The Brao are a people living in Laos, Cambodia and Vietnam. The people we spoke to in Laos recall moving their villages to Laos at the time of the Vietnam War (American War). They packed everything they needed for their journey into bamboo baskets and began moving away from where they had lived their lives. A small population of Brao still live in Vietnam, and an unknown number in Cambodia. The people we visited for this project are those in Laos.
As in the past, the Brao are primarily an agricultural society. Their villages are now built along the roads that traverse the eastern side of Attapeu Province. Behind the houses, extensive farm land has been cultivated, and some of the Brao traditions are still practiced there.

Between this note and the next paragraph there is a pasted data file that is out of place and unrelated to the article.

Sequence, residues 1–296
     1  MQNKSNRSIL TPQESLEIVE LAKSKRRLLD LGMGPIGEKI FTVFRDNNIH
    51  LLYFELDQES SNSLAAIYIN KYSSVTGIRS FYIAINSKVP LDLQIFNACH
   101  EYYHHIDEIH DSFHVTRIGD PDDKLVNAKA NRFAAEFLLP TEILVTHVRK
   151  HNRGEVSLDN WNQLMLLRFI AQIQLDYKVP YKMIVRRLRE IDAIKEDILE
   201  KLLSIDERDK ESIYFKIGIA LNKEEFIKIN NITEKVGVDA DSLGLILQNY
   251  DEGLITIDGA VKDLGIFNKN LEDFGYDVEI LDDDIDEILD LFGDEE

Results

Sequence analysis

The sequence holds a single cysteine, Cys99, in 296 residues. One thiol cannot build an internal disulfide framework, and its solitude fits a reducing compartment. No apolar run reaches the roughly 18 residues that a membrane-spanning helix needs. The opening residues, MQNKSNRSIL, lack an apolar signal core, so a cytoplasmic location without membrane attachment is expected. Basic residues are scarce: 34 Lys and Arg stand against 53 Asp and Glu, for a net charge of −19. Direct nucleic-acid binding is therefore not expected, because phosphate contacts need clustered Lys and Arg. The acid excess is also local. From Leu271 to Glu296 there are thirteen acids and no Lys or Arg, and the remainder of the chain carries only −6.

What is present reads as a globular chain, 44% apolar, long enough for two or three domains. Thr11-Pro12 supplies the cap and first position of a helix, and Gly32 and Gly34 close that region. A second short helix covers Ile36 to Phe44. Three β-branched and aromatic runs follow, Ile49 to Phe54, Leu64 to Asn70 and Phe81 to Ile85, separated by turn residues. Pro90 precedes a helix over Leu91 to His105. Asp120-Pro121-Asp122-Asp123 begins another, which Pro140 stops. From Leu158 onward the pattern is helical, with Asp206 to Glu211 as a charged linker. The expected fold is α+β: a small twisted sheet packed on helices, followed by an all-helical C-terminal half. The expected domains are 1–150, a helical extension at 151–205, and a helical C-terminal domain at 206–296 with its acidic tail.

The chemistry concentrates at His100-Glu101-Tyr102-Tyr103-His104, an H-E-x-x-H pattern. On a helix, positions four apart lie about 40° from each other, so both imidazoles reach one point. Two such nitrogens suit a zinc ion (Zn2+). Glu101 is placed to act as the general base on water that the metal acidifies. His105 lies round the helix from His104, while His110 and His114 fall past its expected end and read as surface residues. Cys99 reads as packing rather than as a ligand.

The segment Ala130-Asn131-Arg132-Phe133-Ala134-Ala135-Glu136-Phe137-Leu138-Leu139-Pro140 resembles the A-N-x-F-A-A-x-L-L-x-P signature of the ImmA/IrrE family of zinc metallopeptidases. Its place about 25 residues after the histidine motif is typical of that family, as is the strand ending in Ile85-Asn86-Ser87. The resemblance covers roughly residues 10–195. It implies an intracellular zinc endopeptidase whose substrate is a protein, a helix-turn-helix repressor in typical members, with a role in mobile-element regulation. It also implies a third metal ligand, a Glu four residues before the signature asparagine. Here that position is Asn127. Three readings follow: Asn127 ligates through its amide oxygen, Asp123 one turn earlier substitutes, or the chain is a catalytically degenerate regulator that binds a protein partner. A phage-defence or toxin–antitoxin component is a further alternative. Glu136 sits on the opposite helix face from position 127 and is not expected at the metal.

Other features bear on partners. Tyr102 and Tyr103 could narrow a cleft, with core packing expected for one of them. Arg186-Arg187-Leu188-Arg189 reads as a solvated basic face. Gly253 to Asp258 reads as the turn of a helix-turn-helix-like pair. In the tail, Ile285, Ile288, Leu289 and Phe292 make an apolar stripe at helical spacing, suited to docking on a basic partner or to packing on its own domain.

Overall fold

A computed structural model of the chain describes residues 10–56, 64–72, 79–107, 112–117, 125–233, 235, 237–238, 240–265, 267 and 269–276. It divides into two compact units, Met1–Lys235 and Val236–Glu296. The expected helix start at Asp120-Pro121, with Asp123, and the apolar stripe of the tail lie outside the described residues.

The Brao believe in spirits that inhabit the land around them. The Forest Spirit and Mountain and River Spirit are invoked for protection and good harvests. At ceremonies such as Paman and Kamao, animal sacrifices are made for the spirits and food is shared with everyone in the village. At these times, music is played and songs are sung.
Until the Lao Independence in 1949, the Brao tattooed both men and women at approximately age 15. At this time, the practice became illegal, and those caught practicing it would be punished severely. The tattoo itself, as far as anyone knows, was to protect them from tigers. Tigers were a factor in how houses were built, the lyrics of traditional songs, and bedtime stories for children. There was a general fear that if one did not live well, the tigers would take them away.